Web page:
Japan releases plenty of role-playing games, but few have the staying power of Persona 5. Although this entry to the long-running series is 7 years old, fans can’t get enough of Joker and the other Phantom Thieves. The title has spawned several spin-offs including several anime series, a rhythm game and an action RPG.
Now, some of the original developers from P-Studio are adapting the gameplay to a new genre. As the name implies, Persona 5 Tactica takes the characters and elements and meshes them into a turn-based strategy game. It’s more like Fire Emblem or Mario + Rabbids than a conventional Japanese RPG.
The story so far...
In this entry, Joker and the Phantom Thieves find themselves unexpectedly transported to a mysterious kingdom that appears straight out of 18th-century France. It’s ruled by a maniacal dictator named Marie, who charms Joker’s friends and turns them into her loyal minions. Just as Joker is about to suffer the same fate, a freedom fighter named Erina rescues him and Morgana.
The first few missions teach players the basics as Tactica allows players to control teams of three. Squad members have to outmaneuver enemies, take cover and use their combat abilities to summon Persona, as well as fire ranged weapons and physically assault up-close. As in similar titles, it’s about attacking without leaving openings.
P-Studio does a good job of introducing the foundation and layering in more complex systems. About halfway through more than 60 missions, players will have most of the mechanics down. The key to winning battles is to knock down enemies, leaving them vulnerable, which unlocks the Triple Threat all-out attack, where all squadmates combine their attack powers to eliminate enemies. The rub is that it’s only effective in a triangular area bounded by the party members and the downed foe.
That means positioning is even more important to success. It allows a squad to efficiently eliminate foes. Knocking down adversaries also grants a Phantom Thief an additional move during the turn, allowing the character to cause more havoc or set up another move. If players see no opportunity to attack, they can also wait their turn, which charges their abilities for the next turn.
The gameplay can overwhelm novices to this style of strategy game, but Tactica offers side quests that do a great job of hammering home critical lessons and potential for each move. They teach players how to set up turns so that one character can tear throw several enemies in one go. It show off the Follow-up technique, which activates if a teammate from a higher elevation knocks a foe to the ground. That triggers a teammate to shoot the enemy as it falls dealing more damage.
Character building and progression
The other half of Tactica is leveling up the heroes, and that requires the titular entities. Because this world works differently from the Metaverses they’re used to, the Phantom Thieves find that they have one Persona to call, but they can equip Sub-Personas that boost stats and have unique abilities and properties. The strength of the Persona is limited by the collective level of the group. It essentially acts as a way to stop players from equipping powerful entities to breeze through the campaign.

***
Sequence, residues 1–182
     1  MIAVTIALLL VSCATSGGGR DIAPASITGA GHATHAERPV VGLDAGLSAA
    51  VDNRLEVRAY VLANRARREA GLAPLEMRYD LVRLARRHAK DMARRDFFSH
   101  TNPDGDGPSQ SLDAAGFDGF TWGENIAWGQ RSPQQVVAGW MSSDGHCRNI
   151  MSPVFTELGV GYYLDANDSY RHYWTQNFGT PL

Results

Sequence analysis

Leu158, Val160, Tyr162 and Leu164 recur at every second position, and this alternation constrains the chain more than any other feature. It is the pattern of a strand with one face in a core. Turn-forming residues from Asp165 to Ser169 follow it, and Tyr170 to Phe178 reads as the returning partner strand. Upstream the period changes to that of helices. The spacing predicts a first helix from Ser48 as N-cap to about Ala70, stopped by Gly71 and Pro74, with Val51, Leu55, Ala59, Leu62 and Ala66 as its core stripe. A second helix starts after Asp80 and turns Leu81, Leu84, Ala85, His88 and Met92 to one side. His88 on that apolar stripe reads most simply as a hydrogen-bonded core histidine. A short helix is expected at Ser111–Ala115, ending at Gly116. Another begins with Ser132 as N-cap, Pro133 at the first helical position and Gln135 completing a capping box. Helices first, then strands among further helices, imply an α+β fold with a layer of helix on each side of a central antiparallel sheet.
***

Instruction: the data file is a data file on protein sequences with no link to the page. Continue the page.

Players will begin with weak Personas and they’ll have to fuse them together to create more powerful entities. They earn more Personas as they complete missions. Part of the time-consuming fun is figuring out the best combinations to fuse. If done right, they accentuate a Phantom Thief’s role in the squad while also providing valuable bonuses so they can finish a difficult mission or quest.
Not only can Personas be used as summons and equipment, but they’re also added to weapons. They’re key to obtaining some of the more powerful ranged weapons in the campaign.
A quick pace bogged down
Players will need all these advantages because Tactica can be difficult on higher difficulties. Seasoned strategy veterans won’t have problems and they’ll appreciate the quick pace of the missions.
Most won’t drag on beyond 17 turns, and the map design offers enough complexities, especially in the later kingdoms to force players to try new strategies and characters. Players will encounter levels with multiple doors and switches, strict time limits or other scenarios that will cause players to rethink their approach. (“Tactica” is great because it lets players easily respec their characters letting them experiment with different builds.)
The only thing that slows the campaign’s brisk pace is the actual storytelling. The missions are a blast, but the narrative between them isn’t as dynamic. It builds a compelling mystery as players delve into why the kingdoms are so different from the Metaverse palaces from the original. A lot of the spotlight focuses on Toshiro Kasukabe, a missing member of Japan’s Legislature, who comes off as arrogant and weak. As players dig into his history, he becomes a more complex character.
The slow pace highlights a problem: P-Studio interjects too many characters who bog down the plot points with excessive dialogue. “Tactica” continues the story of the Phantom Thieves, but because they’re established and don’t change much, they aren’t the interesting parts of the campaign. This spin-off is more about Toshiro and the freedom fighter Erina and if the campaign could focus more on them it would have been a better experience. – The Mercury News/Tribune News Service
Persona 5 Tactica
3 stars out of 4
Platform: Xbox Series X and Series S, Xbox One, PlayStation 5, PlayStation 4, PC, Nintendo Switch